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The combination of the specificity provided by fluorescence microscopy and the ability to quantitatively analyze specimens in three dimensions allows the fundamental organization of cells to be probed as never before. Key features in this emergent technology have been the development of a wide variety of fluorescent dyes or fluorescently labeled probes to(More)
We have determined the three-dimensional image-forming properties of an epifluorescence microscope for use in obtaining very high resolution three-dimensional images of biological structures by image processing methods. Three-dimensional microscopic data is collected as a series of two-dimensional images recorded at different focal planes. Each of these(More)
We have determined the position within the nucleus of homologous sites of the histone gene cluster in Drosophila melanogaster using in situ hybridization and high-resolution, three-dimensional wide field fluorescence microscopy. A 4.8-kb biotinylated probe for the histone gene repeat, located approximately midway along the short arm of chromosome 2, was(More)
Cellular events are accomplished by the coordinated interactions of cellular components within the three-dimensional context of a cell. Simultaneous observation of multiple components in three dimensions can be essential for understanding such interactions. Toward this end, we have developed a computerized microscope workstation capable of recording(More)
The resolution along the optical axis (z) is much less than the in-plane resolution in any current optical microscope, conventional or otherwise. We have used mutually tilted, through-focal section views of the same object to provide a solution to this problem. A tilting specimen stage was constructed for an optical microscope, which with the use of a(More)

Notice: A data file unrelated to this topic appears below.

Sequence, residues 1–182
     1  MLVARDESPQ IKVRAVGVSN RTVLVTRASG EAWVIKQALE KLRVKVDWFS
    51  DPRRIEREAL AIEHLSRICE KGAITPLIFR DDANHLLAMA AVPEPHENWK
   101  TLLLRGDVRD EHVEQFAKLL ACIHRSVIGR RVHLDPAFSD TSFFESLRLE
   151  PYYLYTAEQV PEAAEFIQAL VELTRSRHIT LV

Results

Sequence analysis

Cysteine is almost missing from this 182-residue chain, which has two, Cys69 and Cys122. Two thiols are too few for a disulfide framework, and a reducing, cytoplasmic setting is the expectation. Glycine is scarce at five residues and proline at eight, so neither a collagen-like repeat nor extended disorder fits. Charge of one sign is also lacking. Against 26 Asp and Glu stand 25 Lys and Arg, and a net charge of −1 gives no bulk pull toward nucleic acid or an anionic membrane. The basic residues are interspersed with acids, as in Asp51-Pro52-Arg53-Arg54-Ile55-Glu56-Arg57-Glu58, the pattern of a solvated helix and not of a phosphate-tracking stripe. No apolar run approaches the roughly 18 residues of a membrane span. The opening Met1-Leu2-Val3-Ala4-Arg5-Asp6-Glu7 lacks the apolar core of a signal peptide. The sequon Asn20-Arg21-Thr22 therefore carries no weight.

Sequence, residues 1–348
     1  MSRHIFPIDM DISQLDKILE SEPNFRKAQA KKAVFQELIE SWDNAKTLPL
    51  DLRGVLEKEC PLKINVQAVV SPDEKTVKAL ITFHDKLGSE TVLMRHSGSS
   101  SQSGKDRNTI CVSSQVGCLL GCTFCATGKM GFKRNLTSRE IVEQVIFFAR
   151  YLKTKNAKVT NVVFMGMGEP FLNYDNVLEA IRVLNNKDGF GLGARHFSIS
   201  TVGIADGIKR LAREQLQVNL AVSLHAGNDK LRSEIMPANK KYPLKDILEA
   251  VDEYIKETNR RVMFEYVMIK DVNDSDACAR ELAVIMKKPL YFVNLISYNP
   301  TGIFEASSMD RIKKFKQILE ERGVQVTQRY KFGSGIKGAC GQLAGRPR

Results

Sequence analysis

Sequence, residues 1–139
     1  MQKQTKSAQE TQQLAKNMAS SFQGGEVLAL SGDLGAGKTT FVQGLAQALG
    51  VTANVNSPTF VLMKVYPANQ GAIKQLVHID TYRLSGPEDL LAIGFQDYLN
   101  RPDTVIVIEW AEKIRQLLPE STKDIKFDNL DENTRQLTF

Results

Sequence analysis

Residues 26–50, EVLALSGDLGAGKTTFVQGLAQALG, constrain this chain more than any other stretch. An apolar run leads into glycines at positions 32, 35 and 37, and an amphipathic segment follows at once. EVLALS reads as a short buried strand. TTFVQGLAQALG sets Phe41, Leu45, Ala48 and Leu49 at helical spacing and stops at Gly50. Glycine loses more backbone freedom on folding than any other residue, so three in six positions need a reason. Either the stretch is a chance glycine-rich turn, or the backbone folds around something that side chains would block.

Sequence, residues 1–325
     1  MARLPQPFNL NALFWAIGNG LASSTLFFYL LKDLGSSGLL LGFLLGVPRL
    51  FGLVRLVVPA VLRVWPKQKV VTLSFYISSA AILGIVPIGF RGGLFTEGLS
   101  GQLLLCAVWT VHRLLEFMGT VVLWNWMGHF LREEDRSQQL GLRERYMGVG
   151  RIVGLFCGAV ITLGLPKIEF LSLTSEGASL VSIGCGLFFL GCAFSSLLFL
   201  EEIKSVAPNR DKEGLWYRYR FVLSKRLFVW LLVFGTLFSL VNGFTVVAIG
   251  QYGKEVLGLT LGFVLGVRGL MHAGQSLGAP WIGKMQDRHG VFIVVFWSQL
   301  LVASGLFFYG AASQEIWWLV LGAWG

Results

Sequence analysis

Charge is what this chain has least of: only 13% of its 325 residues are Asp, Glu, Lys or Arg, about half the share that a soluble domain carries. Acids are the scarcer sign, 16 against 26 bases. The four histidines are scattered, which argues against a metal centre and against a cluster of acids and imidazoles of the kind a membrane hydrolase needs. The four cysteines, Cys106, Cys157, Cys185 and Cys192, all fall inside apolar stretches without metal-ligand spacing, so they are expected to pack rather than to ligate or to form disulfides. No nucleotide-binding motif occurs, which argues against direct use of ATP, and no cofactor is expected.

The spatial and temporal dynamics of diploid chromosome organization, microtubule arrangement, and the state of the nuclear envelope have been analyzed in syncytial blastoderm embryos of Drosophila melanogaster during the transition from prophase to metaphase, by three-dimensional optical sectioning microscopy. Time-lapse, three-dimensional data recorded in(More)
The properties of a charge-coupled device (CCD) and its application to the high-resolution analysis of biological structures by optical microscopy are described. The CCD, with its high resolution, high sensitivity, wide dynamic range, photometric accuracy, and geometric stability, can provide data of such high quality that quantitative analysis on two- and(More)
Although the dynamic behaviour of chromosomes has been extensively studied in their condensed state during mitosis, chromosome behaviour during the transition to and from interphase has not been well documented. Previous electron microscopic studies suggest that chromosomes condense in a non-uniform fashion at the nuclear periphery. But chromosome(More)
Fluorescence microscopy, uniquely, provides the ability to examine specific components within intact, even living, cells. Unfortunately, high-resolution conventional fluorescence microscopy is intrinsically a two-dimensional technique and performs poorly with specimens thicker than about 0.5 micron. Probing the spatial organization of components within(More)
Lolium temulentum and L. persicum are non-crop species found in wheat and barley fields. L. temulentum has non-shattering seeds like the associated grain crops, whereas L. persicum seeds shatter after maturity. We analyzed the inheritance mode of shattering tendency by comparing the F2 of L. temulentum and L. persicum hybrids. The selfed progeny of L.(More)
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